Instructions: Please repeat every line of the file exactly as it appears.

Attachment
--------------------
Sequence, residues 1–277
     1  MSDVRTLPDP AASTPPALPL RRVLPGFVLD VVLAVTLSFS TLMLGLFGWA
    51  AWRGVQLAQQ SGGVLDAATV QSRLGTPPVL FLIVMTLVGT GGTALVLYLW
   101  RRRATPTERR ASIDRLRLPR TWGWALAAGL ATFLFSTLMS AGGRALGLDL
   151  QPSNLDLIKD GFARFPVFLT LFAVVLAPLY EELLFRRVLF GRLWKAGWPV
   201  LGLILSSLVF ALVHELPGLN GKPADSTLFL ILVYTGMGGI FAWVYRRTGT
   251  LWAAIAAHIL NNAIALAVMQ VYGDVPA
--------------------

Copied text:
Sequence, residues 1–277
     1  MSDVRTLPDP AASTPPALPL RRVLPGFVLD VVLAVTLSFS TLMLGLFGWA
    51  AWRGVQLAQQ SGGVLDAATV QSRLGTPPVL FLIVMTLVGT GGTALVLYLW
   101  RRRATPTERR ASIDRLRLPR TWGWALAAGL ATFLFSTLMS AGGRALGLDL
   151  QPSNLDLIKD GFARFPVFLT LFAVVLAPLY EELLFRRVLF GRLWKAGWPV
   201  LGLILSSLVF ALVHELPGLN GKPADSTLFL ILVYTGMGGI FAWVYRRTGT
   251  LWAAIAAHIL NNAIALAVMQ VYGDVPA